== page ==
Woo Power

In their book, The Art of Woo, Shell and Moussa go through a balanced diet of approaches for relationship-based persuasion (strategies to increase your “woo game”).

In chapter five (“Respect their Beliefs: A Common Language”), the writers stress the need to have a keen self & audience-awareness while making your “pitch,” being flexible for adjustments along the way. They state, “By monitoring your audience and adjusting your pitch, you can keep everyone’s attention and stay in the game. When you fail to adjust, you end up speaking in what amounts to a ‘foreign’ language” (117).

Along with the ability to listen to your audience’s language, you had better speak their language too (taking it to a personal level). The key here is to “research the specific words, frameworks, or metaphors your audience is most likely to respond to” (119). (NOTE: some obvious parallels to “persuasive preaching” here).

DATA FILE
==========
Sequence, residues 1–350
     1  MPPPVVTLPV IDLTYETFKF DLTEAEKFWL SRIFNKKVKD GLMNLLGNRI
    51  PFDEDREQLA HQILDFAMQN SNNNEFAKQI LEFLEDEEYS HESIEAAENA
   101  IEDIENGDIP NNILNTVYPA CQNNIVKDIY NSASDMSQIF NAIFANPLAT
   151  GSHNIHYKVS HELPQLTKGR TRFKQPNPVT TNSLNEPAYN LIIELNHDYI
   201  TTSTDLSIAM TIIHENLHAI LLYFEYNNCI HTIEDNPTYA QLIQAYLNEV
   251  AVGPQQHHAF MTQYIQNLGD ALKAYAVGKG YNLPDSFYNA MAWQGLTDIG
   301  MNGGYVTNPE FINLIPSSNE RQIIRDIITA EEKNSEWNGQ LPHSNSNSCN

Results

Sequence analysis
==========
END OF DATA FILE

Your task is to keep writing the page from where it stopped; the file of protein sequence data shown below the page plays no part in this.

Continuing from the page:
Shell and Moussa then highlight what I believe to be a very key skill: to link your “sales pitch” to the organization’s or culture’s values. Personally, I find this to be the most powerful tool in persuading those in upper management to “buy into” an idea (this doesn’t always work in selling your ideas with your peers or “subordinates” as they sometimes have a more cynical view of the corporation’s values).

When it comes to the senior leaders of the corporation they tend to be the source of the values (either through organizational input or a top-down memo). I have found that high-level leaders hate to be seen as hypocrites or outwardly unaligned with their corporation’s values. So, to show how your idea aligns with, and better actualizes the company’s values, positions you with a great opportunity to have a listening ear and hopeful steps towards execution.


~ by Dave Smith on January 28, 2009.

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